Border protection, law enforcement, drug interdiction, search and rescue, environmental or man-made disasters; all require information or intelligence gathering. However, the ever-increasing cost of the technology necessary to do this means that we can field fewer and fewer aerial vehicles to support the people on the ground who, to keep us safe and secure, place themselves in harm’s way. We at World Aircraft Company, together with dedicated individuals from nine other companies, decided to develop a low-cost, high tech solution for aerial surveillance. Our objective was to create an aerial system so advanced, yet so inexpensive to acquire and operate, that it could be made available to even the most budget-strapped agency.
It didn’t take much time to decide on the parameters for such a vehicle. We wanted helicopter-like visibility but at a fraction of helicopter cost, both in terms of acquisition and hourly operating rate. The airplane had to have a large cabin to accommodate operators wearing bulky protective gear. It needed adjustable seats that would allow the shortest and the tallest people to operate the controls as well as lots of headroom. It had to be designed beyond the conventional limits of LSA aircraft for a greater level of safety. Parts replacement had to be quick and easy to negate long downtime. And last, but not least, it had to have STOL (Short Takeoff and Landing) capability, excellent control over a large low-to-high speed range and superior glide capability in case of induced engine stoppage.
We would like to introduce you to “Sentinel”.
Sentinel is the first LSA airplane specifically designed to meet a low-cost need for aerial intelligence gathering. It has a huge 48” cabin, great forward, down, side and rear visibility and excellent STOL characteristics. Seats have 8” of travel and will accommodate a 6’8” pilot. Design gross weight is 1653 lbs. with a load factor of +7/-4 g. Sentinel uses a conventional wing with ailerons and flaps that are capable of 40 degrees of travel. Stall speed is 30 mph with a cruise of 110 mph using the Rotax 912ULS2 engine. Glide ratio is 10.5:1. In order to minimize downtime, parts are available as complete component assemblies (i.e. complete wings, tail surfaces) either painted or unpainted. As a light aerial observation platform, Sentinel has no equal.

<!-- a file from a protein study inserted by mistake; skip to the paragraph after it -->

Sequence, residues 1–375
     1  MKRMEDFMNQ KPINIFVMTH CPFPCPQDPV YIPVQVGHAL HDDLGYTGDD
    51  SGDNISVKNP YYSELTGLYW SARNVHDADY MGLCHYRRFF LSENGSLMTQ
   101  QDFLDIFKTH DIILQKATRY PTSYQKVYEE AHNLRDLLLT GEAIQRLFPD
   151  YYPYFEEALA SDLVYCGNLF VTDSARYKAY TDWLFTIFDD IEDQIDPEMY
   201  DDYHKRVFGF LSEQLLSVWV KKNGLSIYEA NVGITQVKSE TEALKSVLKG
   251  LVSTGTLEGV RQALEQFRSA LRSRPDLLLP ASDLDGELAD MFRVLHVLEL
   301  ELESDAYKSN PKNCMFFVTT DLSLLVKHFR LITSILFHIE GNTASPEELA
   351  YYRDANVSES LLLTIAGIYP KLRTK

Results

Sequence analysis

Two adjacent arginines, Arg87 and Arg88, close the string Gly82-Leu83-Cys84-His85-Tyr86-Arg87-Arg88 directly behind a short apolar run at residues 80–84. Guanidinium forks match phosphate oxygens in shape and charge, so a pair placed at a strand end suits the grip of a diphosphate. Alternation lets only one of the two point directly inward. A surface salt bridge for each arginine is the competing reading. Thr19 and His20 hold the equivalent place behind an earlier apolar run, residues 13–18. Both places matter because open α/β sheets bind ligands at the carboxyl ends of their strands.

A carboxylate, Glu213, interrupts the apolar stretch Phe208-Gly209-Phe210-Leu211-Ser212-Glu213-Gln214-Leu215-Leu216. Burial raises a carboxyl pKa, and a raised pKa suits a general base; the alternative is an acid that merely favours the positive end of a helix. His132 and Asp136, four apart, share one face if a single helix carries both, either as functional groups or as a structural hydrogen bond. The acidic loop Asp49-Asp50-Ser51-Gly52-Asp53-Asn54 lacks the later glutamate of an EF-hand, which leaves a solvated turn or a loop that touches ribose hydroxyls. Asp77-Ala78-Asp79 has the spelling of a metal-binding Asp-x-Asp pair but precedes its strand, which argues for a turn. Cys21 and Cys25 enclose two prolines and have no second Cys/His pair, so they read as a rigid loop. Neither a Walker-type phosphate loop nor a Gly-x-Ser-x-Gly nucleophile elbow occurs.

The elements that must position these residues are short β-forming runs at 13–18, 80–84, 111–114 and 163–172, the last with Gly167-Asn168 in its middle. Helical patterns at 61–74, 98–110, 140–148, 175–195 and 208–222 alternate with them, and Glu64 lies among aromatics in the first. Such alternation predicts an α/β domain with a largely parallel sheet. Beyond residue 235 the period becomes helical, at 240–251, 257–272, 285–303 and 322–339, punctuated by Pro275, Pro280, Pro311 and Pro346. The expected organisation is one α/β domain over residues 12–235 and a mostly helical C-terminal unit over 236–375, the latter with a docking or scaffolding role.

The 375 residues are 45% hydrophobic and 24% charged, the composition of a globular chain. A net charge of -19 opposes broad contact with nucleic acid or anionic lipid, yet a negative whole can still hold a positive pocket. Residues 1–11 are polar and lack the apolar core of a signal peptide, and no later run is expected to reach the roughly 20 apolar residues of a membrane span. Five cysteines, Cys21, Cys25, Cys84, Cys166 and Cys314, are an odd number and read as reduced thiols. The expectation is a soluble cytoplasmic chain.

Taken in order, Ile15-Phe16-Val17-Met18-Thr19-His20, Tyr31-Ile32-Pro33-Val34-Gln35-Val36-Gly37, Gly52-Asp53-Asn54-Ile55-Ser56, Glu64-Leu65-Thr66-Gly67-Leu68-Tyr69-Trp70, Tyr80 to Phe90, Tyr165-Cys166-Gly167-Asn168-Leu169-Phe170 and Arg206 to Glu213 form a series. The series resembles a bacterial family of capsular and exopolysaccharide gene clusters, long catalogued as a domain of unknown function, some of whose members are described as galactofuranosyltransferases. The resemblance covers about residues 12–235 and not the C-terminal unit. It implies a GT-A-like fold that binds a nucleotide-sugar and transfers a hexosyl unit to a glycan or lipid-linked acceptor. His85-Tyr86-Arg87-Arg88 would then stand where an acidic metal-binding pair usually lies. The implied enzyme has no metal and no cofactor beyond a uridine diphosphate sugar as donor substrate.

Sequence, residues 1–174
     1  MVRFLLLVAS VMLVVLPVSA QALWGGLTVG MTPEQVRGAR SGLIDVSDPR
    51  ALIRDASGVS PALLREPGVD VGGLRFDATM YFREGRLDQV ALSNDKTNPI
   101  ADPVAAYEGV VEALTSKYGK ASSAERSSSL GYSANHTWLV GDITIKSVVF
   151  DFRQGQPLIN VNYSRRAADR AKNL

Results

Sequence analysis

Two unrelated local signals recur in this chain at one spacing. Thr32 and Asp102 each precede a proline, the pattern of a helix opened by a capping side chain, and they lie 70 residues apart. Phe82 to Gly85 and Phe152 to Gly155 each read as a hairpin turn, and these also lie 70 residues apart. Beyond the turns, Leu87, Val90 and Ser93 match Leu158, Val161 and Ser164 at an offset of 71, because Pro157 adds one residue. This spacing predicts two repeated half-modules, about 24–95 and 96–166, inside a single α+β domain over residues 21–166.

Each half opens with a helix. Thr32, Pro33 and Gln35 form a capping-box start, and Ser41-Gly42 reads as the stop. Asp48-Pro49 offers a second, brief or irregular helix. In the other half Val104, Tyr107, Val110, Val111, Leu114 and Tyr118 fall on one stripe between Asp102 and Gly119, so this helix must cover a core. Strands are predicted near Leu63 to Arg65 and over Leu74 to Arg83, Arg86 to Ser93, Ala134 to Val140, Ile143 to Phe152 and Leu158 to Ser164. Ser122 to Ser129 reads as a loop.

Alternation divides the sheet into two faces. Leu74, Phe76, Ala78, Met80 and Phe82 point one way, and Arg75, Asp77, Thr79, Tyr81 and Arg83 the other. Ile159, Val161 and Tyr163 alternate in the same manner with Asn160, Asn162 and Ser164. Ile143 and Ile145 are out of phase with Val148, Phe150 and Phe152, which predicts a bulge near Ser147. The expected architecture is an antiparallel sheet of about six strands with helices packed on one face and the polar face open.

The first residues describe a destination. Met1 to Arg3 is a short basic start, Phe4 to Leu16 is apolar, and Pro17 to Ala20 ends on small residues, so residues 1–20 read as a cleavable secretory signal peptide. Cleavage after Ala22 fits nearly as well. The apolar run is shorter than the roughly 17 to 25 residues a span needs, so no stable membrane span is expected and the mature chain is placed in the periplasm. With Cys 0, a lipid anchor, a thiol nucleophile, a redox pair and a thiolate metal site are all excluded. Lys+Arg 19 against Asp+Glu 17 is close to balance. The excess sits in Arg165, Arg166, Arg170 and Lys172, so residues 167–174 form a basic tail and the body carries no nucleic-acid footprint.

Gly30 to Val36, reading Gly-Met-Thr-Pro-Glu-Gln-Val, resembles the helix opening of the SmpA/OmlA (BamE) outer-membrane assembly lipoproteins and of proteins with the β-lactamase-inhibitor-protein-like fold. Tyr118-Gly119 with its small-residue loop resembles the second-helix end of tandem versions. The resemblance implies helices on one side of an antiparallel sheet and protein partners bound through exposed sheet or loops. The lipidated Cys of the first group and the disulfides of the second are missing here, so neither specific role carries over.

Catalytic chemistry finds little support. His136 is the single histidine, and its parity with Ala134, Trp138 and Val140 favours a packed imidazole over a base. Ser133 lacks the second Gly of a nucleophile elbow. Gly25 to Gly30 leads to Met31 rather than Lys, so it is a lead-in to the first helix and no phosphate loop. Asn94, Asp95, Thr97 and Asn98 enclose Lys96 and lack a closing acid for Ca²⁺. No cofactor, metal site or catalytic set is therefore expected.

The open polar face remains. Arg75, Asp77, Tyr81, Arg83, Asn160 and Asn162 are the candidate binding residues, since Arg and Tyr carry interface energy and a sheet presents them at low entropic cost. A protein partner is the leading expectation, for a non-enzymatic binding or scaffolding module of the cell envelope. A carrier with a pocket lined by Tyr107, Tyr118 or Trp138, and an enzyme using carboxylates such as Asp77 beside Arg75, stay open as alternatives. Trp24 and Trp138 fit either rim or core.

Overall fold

For intelligence gathering, Sentinel uses NEOS (Near Earth Observation System) which provides complete end-to-end airborne science and intelligence solutions using commercial-off-the-shelf (COTS) technologies. Actionable, image-based intelligence is acquired, processed, analyzed, and distributed in a timely, flexible, and affordable manner. The tactical image and situational video information provides surface features down to a few inches in detail that can be scientifically measured and compared over time to document activity, conditions, impacts, and changes.
The utility of NEOS airborne intelligence has been repeatedly recognized by government agencies that include NASA, DHS, DOD, DOJ, DOE, National Science Foundation, and Scripts Institute of Oceanography. It has monitored illegal activities over extensive areas of the US/Mexico border and documented recent disasters including wildfire damage in California, the Mexicali earthquake, and the Horizon Gulf oil spill.
Under development for Sentinel is Pilot Optional control. Sentinel can be flown by a pilot, or in situations that warrant certain concerns, with the flip of a switch, flown as a UAV (Unmanned Aerial Vehicle).
See model “VISION” for the general aviation version of Sentinel.
Two examples of NEOS 3 inch resolution aerial imagery processed
for viewing and mapping in Google Earth. Footprints are visible in second
Sentinel Spec Sheet:
|Wing Span||32.9 ft|
|Wing Chord||48.4 ft|
|Wing Area||132.4 ft2|
|Fuselage Length||20.8 ft|
|Cabin Width||48.3 in|
|Fuel Capacity||24 US gal|
|Design Gross Weight||1653 lb|
|US Allowable Weight||1320 lb|
|Avg. Empty Weight||728 lb|
|Cruise power 75%||108 mph|
|Max cruise||120 mph|
|Stall with flaps||30 mph|
|Stall no flaps||37 mph|
|Takeoff distance||190 ft|
|Landing distance||120 ft|